Real estate firm is sold on VPN technology

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As a real estate company, Old Republic Title knows a thing or two about moving. But IS Manager Robert Matanane acknowledges that the company's move from a dial-up modem-based network to a virtual private network (VPN) has had its share of surprises.

For example, the firm has had to rely on more site visits from its hardware suppliers than anticipated. And some of Old Republic's assumptions about ease of use for end users have proven to be overly optimistic.

But overall, Matanane says the VPN is a vast improvement over the company's dial-up WAN in terms of speed, security and flexibility. And the company, which uses its network to exchange documents and other data, has already used the VPN to close transactions in the U.S. and abroad.

Before the VPN, Old Republic offices in Arizona, California, Hawaii, Nevada and Washington about once per hour dialed out to a hub site in their respective states to dump accounting data from real estate transactions. Those hub sites would then dial the Santa Clara, Calif., office to transfer the data to a Windows NT server.

But this network proved difficult to maintain and keep secure.

"I don't want modems on the network for security reasons,"Matanane says. "I want to be able to authenticate and shore up one pipe rather than have to deal with many different holes in the network."

Old Republic decided to link the regional hubs to the Santa Clara site via a VPN comprising secure links over the Internet. The company also upgraded connections into the state hubs from dial-up to 128K bit/sec frame relay.

The Internet acts as the VPN's backbone and costs less than half as much as the alternative Matanane considered -- interstate T-1 frame relay.

To prepare for the frame relay circuits that feed into the hub sites, Old Republic replaced NT remote access servers at the five state hub sites with 3Com Netbuilder II routers.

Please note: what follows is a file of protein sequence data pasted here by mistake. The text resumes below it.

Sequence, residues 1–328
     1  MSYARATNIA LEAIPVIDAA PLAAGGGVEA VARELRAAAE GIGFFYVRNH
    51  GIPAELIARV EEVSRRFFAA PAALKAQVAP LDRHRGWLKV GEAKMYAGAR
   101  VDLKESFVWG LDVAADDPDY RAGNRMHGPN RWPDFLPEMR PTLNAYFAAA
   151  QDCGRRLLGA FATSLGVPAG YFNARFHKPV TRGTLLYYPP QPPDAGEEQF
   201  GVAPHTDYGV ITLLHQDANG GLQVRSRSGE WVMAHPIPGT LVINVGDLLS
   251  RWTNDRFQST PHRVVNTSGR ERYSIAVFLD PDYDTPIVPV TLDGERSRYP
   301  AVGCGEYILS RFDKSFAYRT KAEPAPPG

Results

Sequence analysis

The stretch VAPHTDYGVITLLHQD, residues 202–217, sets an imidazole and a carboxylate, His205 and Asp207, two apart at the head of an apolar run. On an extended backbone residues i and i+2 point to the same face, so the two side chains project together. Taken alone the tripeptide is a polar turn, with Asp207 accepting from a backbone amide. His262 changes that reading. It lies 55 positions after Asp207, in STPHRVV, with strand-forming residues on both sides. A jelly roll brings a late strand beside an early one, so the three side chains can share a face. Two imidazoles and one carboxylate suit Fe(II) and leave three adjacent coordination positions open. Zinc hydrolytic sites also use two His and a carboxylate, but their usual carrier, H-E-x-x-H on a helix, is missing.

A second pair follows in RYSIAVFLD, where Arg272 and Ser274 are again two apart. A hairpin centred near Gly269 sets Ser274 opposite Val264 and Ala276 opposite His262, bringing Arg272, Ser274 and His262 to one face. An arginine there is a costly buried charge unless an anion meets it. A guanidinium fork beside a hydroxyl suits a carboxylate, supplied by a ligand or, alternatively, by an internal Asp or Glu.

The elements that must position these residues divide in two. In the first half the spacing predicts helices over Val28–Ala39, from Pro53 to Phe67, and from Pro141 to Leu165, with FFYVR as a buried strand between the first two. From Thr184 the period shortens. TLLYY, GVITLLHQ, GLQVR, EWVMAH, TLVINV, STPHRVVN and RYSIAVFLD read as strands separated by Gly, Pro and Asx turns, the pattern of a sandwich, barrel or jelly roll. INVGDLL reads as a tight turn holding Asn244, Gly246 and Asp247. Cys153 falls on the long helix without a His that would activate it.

Matanane then installed a 3Com Pathbuilder 500 VPN tunnel switch in Santa Clara to terminate the Internet connections from the hub sites.

Those sessions are secured using encryption and packet encapsulation via point-to-point tunneling protocol (PPTP). Similar secure tunnels are used by about 40 Old Republic employees who want to access the corporate network from home.

Before buying the tunnel switch, Old Republic considered VPN gear from Cisco and Cabletron, but opted to go with 3Com because the firm's IS staff was familiar with 3Com gear.

Matanane says the documentation for the tunnel switch was a little thin, so Old Republic has relied heavily on 3Com technicians to set up the VPN. "It definitely helps to have someone who has actually done this before," he says.

While the VPN has provided benefits for the company, Matanane acknowledges that some of his expectations for the VPN were unrealistic.

For instance, he thought that when a user logged on to the tunnel server, that user authentication could be extended to corporate LANs. But it turns out that the remote user must utilize a separate user name and password to reach a corporate LAN.

Another surprise was that if, for some reason, the tunnel switch goes down and needs to be rebooted, a network manager also has to reboot the routers at the hub sites before they can re-establish links to the switch.

However, with an uninterruptible power supply backing up the switch, Matanane expects this will not be a big problem.

In addition to connecting the hub sites to headquarters, the VPN supports e-mail for 1,700 Old Republic workers wwho never had it before.

An added benefit of the new network is the possibility of using surplus capacity on the frame relay links to carry voice traffic within states.

The lines from satellite offices to the hub sites run at only 128K bit/sec today but could handle up to 1.5M bit/sec.

Old Republic is also considering access methods for home users that are faster than dial-up. These might include digital subscriber line technology and cable modems.

For now, the Internet offers fast enough service across the VPN backbone, Matanane says. He figures the Internet will mature and get faster to support Old Republic's network demands as they increase.

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